Richard Stursberg is predicting the imminent death of Canadian media and popular culture.
The former CEO of almost every major Canadian cultural institutions including the CBC is convincing: as a country, we have forgotten our past success in building robust business models of conventional media that produced news, information, sports and entertainment. From the hostility of the Harper and Scheer Conservatives towards “cultural elites” to the posturing of the Justin Trudeau Liberals, the survival of our cultural sovereignty looks a lot like climate change: we are up against it, and we are running out of time.
The media and cultural apocalypse is not hard to see, if you are willing to look at it straight in the eye. Like Naomi Klein implored us in This Changes Everything not to “look away” from climate change, so Stursberg does for Canadian culture in The Tangled Garden, just published by Lorimer.
In written journalism, Canadian news organizations have lost 50% of their advertising revenue in ten years, closing 250 newspapers in small and mid-sized cities. Hundreds of journalists are no longer covering their communities.
Equally in the broadcasting industry, television companies have been in the red every year since 2012 thanks to the same loss of ad revenues to the digital monsters Facebook and Google. Local TV news survives only because, at least for now, Canadian media conglomerates can still cross-subsidize their money-losing news operations with profits from sports and entertainment content, as well as wireless and cable profits.
In the film industry, the apocalypse-deniers tout the surge in movie production in Toronto and Vancouver. They neglect to mention this boom is driven entirely by American film producers like Netflix making American movies for their US audience: our low-dollar and federal tax credits make it all possible. There is no similar boom in making distinctive Canadian movies for the Canadian audience (there has been zero growth in the last 10 years when adjusted for inflation). It’s a great industrial strategy, but not a cultural strategy.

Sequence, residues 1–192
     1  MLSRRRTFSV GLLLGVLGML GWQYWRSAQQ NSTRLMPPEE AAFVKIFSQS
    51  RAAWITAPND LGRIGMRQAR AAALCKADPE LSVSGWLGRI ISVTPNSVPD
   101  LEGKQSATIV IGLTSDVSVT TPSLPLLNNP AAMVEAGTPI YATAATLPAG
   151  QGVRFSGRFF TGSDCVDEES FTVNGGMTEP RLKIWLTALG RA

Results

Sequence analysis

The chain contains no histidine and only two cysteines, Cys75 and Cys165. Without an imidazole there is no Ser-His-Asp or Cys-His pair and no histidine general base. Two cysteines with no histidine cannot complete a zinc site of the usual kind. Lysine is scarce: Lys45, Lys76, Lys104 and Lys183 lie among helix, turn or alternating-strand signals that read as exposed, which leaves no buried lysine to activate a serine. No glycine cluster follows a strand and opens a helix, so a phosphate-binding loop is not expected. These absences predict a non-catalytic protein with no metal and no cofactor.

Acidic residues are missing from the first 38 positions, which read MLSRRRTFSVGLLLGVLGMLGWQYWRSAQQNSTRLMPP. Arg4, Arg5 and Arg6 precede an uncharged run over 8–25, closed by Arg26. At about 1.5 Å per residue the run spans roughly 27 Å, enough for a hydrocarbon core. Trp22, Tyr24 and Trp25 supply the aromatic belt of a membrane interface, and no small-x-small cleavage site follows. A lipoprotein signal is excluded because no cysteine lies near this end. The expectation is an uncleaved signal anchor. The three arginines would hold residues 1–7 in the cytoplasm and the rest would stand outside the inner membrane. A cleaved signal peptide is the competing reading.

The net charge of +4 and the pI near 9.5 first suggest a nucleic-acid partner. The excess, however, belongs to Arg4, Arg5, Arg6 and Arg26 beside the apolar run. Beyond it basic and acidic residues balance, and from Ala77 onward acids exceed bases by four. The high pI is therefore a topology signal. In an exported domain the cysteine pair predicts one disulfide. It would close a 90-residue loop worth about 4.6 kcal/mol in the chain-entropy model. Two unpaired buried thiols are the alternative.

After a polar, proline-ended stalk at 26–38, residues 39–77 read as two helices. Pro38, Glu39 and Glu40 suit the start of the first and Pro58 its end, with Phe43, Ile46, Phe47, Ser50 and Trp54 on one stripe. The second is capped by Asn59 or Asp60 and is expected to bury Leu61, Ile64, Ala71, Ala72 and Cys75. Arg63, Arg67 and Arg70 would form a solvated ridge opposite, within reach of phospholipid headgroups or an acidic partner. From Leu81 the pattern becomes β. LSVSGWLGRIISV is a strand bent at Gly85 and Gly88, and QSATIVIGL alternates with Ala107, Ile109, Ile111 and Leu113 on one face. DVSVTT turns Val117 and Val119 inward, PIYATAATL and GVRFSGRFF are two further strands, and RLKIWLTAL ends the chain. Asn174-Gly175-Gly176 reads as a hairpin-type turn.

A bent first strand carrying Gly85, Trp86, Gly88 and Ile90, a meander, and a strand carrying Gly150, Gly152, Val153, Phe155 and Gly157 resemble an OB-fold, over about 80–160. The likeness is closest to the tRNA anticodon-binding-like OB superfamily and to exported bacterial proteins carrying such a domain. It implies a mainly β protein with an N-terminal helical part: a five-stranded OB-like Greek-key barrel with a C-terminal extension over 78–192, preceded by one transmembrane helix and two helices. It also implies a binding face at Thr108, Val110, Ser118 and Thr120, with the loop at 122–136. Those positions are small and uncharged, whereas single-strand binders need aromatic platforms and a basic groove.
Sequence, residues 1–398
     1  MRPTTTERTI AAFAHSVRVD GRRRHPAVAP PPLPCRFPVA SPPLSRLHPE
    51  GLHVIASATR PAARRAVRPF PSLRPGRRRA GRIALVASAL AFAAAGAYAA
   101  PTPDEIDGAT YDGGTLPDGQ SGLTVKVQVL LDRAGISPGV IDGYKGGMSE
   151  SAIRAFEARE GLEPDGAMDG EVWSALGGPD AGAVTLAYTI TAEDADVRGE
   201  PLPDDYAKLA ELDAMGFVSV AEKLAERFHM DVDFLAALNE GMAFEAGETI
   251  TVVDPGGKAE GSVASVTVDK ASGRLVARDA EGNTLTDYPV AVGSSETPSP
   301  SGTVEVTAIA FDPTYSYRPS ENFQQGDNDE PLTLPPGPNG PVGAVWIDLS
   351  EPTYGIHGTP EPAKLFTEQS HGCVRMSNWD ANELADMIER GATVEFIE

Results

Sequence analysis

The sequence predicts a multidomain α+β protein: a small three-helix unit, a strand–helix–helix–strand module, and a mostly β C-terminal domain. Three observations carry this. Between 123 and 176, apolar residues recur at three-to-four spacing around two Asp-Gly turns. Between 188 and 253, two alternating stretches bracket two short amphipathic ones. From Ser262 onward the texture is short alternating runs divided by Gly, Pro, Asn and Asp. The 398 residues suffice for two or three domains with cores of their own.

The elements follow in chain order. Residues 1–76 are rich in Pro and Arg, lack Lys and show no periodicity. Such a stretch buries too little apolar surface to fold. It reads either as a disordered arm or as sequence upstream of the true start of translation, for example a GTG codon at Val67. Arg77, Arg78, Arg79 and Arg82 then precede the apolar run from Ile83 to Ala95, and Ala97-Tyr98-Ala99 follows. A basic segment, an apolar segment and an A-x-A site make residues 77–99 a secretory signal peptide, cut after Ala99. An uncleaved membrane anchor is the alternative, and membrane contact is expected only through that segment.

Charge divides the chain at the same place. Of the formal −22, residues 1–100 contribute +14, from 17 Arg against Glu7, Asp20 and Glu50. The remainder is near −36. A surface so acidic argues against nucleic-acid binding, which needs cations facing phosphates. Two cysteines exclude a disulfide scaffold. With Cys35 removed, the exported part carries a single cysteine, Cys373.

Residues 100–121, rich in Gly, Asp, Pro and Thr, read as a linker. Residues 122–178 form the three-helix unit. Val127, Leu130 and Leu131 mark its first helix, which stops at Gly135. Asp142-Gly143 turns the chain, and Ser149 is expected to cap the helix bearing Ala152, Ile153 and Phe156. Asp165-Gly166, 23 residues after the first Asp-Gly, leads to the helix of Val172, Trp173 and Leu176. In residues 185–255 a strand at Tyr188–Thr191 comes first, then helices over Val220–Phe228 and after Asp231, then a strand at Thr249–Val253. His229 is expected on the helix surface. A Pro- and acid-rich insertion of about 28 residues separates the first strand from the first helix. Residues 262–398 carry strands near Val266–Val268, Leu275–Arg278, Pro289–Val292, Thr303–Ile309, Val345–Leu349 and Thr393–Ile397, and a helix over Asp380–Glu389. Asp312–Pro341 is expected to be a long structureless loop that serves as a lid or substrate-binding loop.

Despite the gloom, Stursberg says there is a way out if only we would return to the fundamentals that worked so well for eighty years beginning with the arrival of commercial radio in the 1930s.
Stursberg describes the winning formula as a garden of Canadian culture, walled off by Canadian media ownership rules and supplemented by laws that only allow American content into the garden if it’s purchased wholesale by Canadian radio, television and satellite outlets, then retailed to eager Canadian audiences. To this day, the profits from this retailing of American culture go straight into financing Canadian news, sports and entertainment.
Stursberg maps out the undisputed success of the walled garden through the eras of radio, over-the-air television, cable, and satellite distribution. The Canadian ownership and retailing model adapted with ease to each succeeding technological revolution. The main delivery platform —-privately owned newspapers, radio and television— delivered the goods largely without public subsidy.
What watered the garden, says Stursberg, was the bipartisan support the from Conservative and Liberal Prime Ministers, starting with R.B. Bennett in the 1930s right up until Stephen Harper scorned it.
Stursberg recounts how Mackenzie King, John Diefenbaker and Trudeau Senior repaired and renovated the garden wall each time a new technology emerged. Brian Mulroney’s culture ministers Marcel Masse and Flora Macdonald maintained the walled garden and even tried to annex the book, music and theatre film industries into it. Their efforts stalled in the face of hostility from powerful cabinet ministers and sensitive negotiations with the Americans over the first Free Trade Agreement.